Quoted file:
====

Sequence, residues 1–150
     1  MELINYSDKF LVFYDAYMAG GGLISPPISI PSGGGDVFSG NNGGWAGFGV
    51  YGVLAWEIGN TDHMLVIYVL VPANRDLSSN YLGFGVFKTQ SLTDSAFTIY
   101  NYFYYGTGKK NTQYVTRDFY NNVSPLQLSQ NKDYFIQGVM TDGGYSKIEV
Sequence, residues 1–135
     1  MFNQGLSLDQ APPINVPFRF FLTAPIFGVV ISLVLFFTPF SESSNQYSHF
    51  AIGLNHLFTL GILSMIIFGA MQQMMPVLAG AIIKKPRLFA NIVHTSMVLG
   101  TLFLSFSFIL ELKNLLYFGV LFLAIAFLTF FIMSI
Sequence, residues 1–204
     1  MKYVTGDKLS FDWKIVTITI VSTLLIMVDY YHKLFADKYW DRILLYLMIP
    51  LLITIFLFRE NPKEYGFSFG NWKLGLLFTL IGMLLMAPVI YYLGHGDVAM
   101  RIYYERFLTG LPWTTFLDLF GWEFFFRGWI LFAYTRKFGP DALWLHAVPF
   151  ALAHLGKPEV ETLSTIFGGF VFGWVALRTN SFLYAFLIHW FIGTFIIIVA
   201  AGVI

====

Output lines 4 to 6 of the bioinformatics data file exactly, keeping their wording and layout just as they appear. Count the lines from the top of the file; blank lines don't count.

   101  NYFYYGTGKK NTQYVTRDFY NNVSPLQLSQ NKDYFIQGVM TDGGYSKIEV
Sequence, residues 1–135
     1  MFNQGLSLDQ APPINVPFRF FLTAPIFGVV ISLVLFFTPF SESSNQYSHF